FAIRBORN — The City of Fairborn recently implemented new traffic patterns to some neighborhood roadways as part of a study for local vehicular pathways.
Ohio Street, South Street and Greene Street have been limited to right-turns only onto Broad Street since Jan. 23 as part of a study in which the results will be used to determine a long-term solution in reducing the amount of traffic travelling down residential neighborhoods. The right-turn restriction will be implemented for 90 days since the start of the study with an expected completion date set for April 23.
The differing traffic pattern resulted in a 28 percent reduction in neighborhood traffic as of day 30 of the study. That percentage was determined by calculating the amount of traffic that travelled through those four areas of concern before the study started compared to counting cars in the same areas once again 30 days into the experiment.
“We’ve heard from residents that they’re happy and they’ve notice the reduction in traffic,” Fairborn City Engineer Don O’Connor said. “The Traffic Safety Committee has met within the last couple of weeks to discuss these findings.”
While the temporary barricades are meant to mimic a possible permanent solution, it is too early to determine a resolution that will stand the test of time. City officials must complete cost estimating, which will provide insight into the funding of such project — the who and how the dollars will come to fruition and possibly putting a halt on the project altogether.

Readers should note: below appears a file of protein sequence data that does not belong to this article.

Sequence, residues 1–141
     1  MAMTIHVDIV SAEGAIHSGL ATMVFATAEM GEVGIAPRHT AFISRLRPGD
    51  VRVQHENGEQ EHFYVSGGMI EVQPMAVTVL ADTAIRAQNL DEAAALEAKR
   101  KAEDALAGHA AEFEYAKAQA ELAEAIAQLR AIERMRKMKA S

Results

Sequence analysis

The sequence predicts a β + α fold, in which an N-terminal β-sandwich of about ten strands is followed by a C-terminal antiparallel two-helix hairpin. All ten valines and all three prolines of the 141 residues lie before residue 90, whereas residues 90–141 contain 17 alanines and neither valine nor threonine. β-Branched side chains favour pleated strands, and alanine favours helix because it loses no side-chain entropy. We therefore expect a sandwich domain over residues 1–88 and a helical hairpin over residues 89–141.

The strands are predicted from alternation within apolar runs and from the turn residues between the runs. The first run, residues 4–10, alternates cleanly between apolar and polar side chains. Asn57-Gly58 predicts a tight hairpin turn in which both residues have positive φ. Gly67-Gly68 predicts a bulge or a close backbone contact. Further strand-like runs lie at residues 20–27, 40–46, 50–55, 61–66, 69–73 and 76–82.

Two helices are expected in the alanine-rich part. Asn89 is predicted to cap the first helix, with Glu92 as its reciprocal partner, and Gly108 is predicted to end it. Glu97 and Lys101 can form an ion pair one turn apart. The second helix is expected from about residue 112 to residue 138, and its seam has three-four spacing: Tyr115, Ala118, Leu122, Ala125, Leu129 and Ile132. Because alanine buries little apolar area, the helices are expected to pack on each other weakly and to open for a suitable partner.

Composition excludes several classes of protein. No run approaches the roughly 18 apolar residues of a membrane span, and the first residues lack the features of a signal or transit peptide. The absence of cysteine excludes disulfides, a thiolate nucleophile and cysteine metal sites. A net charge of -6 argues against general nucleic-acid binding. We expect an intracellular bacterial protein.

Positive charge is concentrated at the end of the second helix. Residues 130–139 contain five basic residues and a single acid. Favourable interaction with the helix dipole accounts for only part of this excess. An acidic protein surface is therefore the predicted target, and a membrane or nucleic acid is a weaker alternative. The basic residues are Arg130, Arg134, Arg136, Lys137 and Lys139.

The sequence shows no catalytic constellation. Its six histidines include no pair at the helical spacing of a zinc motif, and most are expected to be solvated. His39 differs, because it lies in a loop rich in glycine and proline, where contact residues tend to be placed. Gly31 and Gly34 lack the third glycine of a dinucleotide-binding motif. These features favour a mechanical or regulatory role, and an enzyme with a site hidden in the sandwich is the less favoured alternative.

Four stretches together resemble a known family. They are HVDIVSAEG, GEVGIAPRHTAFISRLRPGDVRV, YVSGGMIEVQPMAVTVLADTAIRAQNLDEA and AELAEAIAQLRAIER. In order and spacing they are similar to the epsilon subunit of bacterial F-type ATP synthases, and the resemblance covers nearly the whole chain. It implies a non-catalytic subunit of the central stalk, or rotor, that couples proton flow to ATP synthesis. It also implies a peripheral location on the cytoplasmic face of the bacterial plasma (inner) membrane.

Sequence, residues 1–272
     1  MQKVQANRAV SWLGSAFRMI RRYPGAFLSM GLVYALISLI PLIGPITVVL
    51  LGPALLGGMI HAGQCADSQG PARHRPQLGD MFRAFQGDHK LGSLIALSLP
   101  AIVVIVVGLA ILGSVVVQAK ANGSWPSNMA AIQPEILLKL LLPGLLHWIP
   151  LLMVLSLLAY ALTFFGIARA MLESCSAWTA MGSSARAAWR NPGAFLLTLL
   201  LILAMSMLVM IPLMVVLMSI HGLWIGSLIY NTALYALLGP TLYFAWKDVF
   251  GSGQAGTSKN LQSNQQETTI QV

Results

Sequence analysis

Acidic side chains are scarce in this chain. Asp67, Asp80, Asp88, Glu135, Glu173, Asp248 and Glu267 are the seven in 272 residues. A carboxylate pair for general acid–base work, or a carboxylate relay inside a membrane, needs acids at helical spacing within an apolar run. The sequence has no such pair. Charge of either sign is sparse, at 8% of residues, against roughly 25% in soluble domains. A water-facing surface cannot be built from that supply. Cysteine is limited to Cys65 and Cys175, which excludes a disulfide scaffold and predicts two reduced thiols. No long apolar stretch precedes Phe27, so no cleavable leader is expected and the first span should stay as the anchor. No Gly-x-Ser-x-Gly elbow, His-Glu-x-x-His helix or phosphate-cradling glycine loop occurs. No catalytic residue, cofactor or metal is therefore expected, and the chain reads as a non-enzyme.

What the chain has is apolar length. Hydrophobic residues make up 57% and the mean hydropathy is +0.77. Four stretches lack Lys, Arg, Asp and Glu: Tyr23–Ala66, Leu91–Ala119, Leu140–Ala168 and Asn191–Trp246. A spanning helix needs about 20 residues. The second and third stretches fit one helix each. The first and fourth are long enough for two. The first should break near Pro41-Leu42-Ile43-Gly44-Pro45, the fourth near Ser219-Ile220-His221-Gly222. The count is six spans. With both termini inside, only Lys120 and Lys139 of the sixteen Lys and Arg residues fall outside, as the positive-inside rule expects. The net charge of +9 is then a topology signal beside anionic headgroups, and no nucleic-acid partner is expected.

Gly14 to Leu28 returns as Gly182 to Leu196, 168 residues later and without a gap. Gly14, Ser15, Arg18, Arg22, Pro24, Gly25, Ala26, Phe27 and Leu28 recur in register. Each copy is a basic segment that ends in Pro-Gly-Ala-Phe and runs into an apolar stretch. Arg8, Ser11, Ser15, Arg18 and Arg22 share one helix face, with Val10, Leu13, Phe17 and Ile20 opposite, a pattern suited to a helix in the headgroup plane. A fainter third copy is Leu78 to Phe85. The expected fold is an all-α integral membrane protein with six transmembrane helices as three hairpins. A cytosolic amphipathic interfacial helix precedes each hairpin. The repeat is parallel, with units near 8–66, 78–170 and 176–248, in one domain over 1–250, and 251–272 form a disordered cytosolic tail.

The city must also work to ensure that traffic patterns undertaken by Fairborn City School buses and Waste Management will remain uninterrupted if the temporary barricades are made into a permanent solution.
“The schedule for any permanent fix is unclear at this point,” O’Connor said. “Typically … capitol improvement projects [are] planned, most of the time, years in advance. At the least, it’s a year time-frame to identify a budget, get the plans together and get the construction done. Residents shouldn’t expect something to be changed permanently in the next few months. It’s likely going to be awhile before we can get something permanent on the ground.”